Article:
Posted by Susan Doll on December 26, 2011
I have a difficult time remembering film titles that are clichés. It is one thing if a title encapsulates the theme or point of the film, such as Field of Dreams or Unforgiven, or if it is a pun or twist on a familiar phrase, such as Pillow Talk or Dolphin’s Tale. But, unimaginative titles with little tie-in to the movie’s theme or storyline go in one ear and out the other. Contemporary comedies are the worst offenders, particularly romantic comedies: Something’s Gotta Give, My One and Only, New in Town, No Strings Attached, Morning Glory, You Again, Just Go With It. I can’t remember the titles when I am trying to think of the films, and I don’t remember the films when I see the titles. As someone who writes about the movies, I always consider the connection between title and content, so perhaps I take them too seriously.
But, I do get a kick out of the stories behind the titles; that is, the journey from script to working title to the final version. Though it’s hard to believe that “Something’s Gotta Give” would go through endless meetings and discussions, especially considering it was the well-known name of Marilyn Monroe’s unfinished last film, a great deal of effort does go into each Hollywood title. I thought I would offer a few behind-the-scenes rumors and tales about the evolution of some very familiar titles.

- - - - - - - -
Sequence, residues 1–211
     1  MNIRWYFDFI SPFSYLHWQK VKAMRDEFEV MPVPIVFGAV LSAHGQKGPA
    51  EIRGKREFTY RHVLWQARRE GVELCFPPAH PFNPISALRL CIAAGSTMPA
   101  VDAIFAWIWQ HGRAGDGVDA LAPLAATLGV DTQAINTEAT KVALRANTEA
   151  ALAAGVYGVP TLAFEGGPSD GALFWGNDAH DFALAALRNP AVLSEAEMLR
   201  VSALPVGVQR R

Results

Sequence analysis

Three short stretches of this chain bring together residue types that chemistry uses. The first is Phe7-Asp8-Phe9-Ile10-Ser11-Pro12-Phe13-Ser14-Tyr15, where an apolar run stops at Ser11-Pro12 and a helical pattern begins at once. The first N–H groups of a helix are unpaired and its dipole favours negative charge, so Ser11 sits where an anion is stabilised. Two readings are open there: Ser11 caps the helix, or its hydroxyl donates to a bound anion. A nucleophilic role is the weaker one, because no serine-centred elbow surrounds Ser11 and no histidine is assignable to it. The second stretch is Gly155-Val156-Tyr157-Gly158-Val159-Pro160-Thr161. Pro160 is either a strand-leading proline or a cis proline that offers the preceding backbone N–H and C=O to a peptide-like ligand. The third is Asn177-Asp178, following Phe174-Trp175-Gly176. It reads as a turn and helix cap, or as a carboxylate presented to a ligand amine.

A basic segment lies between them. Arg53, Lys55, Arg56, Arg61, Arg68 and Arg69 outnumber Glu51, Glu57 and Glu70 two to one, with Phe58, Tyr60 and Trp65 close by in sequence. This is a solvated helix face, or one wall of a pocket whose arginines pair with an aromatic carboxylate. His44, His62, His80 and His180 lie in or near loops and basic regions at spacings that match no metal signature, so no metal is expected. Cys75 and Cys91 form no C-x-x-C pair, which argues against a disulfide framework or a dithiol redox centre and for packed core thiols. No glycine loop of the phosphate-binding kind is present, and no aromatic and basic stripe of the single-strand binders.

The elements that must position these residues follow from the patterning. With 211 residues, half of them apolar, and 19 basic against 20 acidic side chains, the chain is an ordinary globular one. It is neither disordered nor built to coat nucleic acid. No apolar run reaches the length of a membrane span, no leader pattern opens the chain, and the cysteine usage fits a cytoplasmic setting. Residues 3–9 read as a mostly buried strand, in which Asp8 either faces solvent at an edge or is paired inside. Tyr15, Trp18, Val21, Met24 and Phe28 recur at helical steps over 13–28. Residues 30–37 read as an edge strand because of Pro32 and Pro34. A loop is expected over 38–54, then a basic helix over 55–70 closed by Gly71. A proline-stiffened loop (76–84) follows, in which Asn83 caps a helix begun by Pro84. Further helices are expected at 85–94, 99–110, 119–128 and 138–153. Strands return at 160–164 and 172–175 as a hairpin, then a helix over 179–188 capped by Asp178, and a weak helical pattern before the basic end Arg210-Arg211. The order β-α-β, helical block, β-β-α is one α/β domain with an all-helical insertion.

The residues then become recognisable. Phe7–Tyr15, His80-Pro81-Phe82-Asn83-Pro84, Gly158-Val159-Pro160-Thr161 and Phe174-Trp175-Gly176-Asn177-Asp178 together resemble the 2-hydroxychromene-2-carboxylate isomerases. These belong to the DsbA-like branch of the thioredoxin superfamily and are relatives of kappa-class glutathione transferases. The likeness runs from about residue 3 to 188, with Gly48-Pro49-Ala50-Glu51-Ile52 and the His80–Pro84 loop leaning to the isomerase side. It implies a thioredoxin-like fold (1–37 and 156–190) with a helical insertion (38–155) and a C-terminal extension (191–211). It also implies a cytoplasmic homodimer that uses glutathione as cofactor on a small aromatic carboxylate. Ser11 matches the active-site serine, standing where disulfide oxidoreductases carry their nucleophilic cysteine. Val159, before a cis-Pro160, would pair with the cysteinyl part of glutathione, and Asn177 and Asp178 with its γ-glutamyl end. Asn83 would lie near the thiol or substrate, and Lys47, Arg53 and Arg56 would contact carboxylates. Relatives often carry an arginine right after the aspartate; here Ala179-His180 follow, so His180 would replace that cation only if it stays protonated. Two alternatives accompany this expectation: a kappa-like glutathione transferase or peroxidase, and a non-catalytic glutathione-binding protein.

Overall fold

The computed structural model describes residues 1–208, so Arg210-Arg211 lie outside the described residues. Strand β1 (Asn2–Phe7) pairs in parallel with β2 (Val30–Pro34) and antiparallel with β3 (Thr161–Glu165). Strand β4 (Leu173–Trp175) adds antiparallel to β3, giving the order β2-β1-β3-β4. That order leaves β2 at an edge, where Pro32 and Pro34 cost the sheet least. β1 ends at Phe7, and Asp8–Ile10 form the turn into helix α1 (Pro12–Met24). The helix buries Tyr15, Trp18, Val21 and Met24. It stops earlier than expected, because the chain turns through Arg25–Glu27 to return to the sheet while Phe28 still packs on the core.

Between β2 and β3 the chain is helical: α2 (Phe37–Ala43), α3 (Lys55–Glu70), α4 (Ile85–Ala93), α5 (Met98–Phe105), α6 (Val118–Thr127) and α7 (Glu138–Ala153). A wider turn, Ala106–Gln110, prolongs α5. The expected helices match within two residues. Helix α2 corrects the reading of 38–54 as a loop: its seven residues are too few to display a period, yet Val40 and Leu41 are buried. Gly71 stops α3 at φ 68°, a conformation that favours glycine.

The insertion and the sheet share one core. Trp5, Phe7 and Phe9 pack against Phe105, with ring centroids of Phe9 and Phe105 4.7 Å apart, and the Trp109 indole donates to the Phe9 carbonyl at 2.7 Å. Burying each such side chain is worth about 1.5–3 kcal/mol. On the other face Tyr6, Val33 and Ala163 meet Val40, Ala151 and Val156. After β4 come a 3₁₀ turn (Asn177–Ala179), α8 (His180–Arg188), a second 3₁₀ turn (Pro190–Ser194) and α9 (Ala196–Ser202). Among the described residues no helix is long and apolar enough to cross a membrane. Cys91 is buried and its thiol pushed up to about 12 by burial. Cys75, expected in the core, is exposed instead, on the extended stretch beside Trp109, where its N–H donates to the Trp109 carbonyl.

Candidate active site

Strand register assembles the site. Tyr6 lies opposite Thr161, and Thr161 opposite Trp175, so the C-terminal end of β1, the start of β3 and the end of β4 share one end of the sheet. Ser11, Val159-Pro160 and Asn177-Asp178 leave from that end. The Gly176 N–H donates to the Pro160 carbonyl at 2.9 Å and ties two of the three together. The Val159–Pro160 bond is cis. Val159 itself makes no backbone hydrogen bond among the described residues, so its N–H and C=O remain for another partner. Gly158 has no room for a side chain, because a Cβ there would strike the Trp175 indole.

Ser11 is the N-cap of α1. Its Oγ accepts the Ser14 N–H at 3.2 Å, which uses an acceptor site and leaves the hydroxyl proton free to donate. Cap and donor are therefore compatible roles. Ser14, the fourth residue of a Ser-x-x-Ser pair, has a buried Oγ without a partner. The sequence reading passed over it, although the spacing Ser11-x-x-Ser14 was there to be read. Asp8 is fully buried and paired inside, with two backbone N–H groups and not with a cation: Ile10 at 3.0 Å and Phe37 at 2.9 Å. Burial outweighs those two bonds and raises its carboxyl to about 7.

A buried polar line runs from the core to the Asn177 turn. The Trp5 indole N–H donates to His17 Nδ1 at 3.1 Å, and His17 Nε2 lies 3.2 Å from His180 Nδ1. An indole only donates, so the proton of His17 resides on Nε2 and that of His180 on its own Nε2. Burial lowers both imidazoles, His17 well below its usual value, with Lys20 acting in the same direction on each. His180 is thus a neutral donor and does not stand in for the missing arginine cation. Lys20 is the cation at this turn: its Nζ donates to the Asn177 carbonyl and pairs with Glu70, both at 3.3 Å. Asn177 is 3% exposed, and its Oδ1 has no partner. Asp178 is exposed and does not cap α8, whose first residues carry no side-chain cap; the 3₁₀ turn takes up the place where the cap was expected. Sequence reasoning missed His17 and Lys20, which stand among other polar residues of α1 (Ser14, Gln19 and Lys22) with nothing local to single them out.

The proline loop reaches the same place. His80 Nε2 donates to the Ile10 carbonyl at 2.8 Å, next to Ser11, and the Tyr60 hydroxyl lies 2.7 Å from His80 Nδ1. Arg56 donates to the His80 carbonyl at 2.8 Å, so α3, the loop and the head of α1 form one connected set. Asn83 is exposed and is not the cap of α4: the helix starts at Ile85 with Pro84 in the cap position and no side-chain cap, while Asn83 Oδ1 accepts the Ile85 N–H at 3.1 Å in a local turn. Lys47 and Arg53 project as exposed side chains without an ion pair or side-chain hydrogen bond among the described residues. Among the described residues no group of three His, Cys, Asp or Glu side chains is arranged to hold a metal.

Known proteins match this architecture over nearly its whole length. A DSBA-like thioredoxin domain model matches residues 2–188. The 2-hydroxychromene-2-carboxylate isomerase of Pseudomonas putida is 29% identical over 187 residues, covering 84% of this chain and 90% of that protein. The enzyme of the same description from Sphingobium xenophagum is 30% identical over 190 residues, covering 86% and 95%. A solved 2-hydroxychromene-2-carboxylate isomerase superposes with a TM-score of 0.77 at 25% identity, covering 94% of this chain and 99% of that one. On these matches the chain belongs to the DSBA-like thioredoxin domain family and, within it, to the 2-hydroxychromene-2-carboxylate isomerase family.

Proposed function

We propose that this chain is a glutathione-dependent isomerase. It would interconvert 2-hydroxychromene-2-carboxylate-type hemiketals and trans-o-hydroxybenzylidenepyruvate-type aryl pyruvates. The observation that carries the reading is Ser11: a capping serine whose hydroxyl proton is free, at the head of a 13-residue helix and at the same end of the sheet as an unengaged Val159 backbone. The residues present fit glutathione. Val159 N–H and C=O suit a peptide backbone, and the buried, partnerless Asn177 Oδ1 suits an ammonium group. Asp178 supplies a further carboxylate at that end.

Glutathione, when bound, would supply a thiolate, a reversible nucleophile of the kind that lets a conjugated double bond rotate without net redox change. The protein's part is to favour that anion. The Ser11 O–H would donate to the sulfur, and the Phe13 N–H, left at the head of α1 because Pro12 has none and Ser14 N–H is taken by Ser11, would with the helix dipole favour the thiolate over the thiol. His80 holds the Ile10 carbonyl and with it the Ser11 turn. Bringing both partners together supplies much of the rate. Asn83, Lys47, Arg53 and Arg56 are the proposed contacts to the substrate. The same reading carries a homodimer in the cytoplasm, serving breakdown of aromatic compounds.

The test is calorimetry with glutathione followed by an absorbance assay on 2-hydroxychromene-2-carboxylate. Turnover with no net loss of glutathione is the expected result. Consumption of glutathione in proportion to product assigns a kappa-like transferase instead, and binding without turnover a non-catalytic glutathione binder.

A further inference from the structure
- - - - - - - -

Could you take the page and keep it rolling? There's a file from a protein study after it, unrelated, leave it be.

It was not long into production before the studio behind the film version of Philip K. Dick’s novel Do Androids Dream of Electric Sheep? decided to change the title. The execs at Warner Bros. felt the book’s title was too long and not commercial. So Dick’s futuristic story about a cop who pursues escaped androids was retitled Android, Mechanismo, and Dangerous Days before the studio finally settled on Blade Runner.
Speaking of Unforgiven, the script for Clint Eastwood’s definitive western had been circulating around Hollywood for two decades as The Cut Whore Killings before Eastwood’s production company, Malpaso, picked it up. The film’s working title was The William Munny Killings, after Eastwood’s character. But, eventually, he opted for the more iconic Unforgiven.
Despite starring in a slew of romantic comedies—the genre that suffers the most from poor titling—Sandra Bullock is fortunate to have appeared in films with fairly distinct names. Whether you like her romantic comedies, or not, titles such as Miss Congeniality, Hope Floats, and The Proposal are more memorable than most. Even clichéd titles such as Forces of Nature and Two Weeks Notice describe the plots of those comedies fairly well so they make sense. In the film that made her a major star, While You Were Sleeping, she plays a Chicago subway employee who has a crush on a man who has fallen off a subway platform. While he is unconscious in the hospital, his family believes her to be his fiancée, and she goes along with the ruse. Like all good romantic comedies, this one has a fairy tale quality, which is emphasized by the title While You Were Sleeping. None of that fairy tale quality was suggested by the working title, Coma Guy.